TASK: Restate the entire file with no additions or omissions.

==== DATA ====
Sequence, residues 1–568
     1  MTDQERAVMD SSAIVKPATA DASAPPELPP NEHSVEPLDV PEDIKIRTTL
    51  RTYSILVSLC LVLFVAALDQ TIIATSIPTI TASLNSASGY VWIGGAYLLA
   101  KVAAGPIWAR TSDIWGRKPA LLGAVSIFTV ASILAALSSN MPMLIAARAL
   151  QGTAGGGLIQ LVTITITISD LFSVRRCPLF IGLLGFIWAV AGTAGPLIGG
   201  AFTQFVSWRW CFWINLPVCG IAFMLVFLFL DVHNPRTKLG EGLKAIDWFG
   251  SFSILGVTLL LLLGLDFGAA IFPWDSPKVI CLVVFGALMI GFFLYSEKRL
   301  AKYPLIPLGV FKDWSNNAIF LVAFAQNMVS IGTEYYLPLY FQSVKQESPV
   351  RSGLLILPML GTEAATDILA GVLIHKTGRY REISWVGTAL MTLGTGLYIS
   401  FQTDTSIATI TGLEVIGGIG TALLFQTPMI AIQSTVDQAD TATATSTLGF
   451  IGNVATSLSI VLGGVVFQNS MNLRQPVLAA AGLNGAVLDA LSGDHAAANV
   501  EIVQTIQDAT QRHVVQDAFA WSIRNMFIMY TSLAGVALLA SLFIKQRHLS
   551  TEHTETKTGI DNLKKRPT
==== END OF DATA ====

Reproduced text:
Sequence, residues 1–568
     1  MTDQERAVMD SSAIVKPATA DASAPPELPP NEHSVEPLDV PEDIKIRTTL
    51  RTYSILVSLC LVLFVAALDQ TIIATSIPTI TASLNSASGY VWIGGAYLLA
   101  KVAAGPIWAR TSDIWGRKPA LLGAVSIFTV ASILAALSSN MPMLIAARAL
   151  QGTAGGGLIQ LVTITITISD LFSVRRCPLF IGLLGFIWAV AGTAGPLIGG
   201  AFTQFVSWRW CFWINLPVCG IAFMLVFLFL DVHNPRTKLG EGLKAIDWFG
   251  SFSILGVTLL LLLGLDFGAA IFPWDSPKVI CLVVFGALMI GFFLYSEKRL
   301  AKYPLIPLGV FKDWSNNAIF LVAFAQNMVS IGTEYYLPLY FQSVKQESPV
   351  RSGLLILPML GTEAATDILA GVLIHKTGRY REISWVGTAL MTLGTGLYIS
   401  FQTDTSIATI TGLEVIGGIG TALLFQTPMI AIQSTVDQAD TATATSTLGF
   451  IGNVATSLSI VLGGVVFQNS MNLRQPVLAA AGLNGAVLDA LSGDHAAANV
   501  EIVQTIQDAT QRHVVQDAFA WSIRNMFIMY TSLAGVALLA SLFIKQRHLS
   551  TEHTETKTGI DNLKKRPT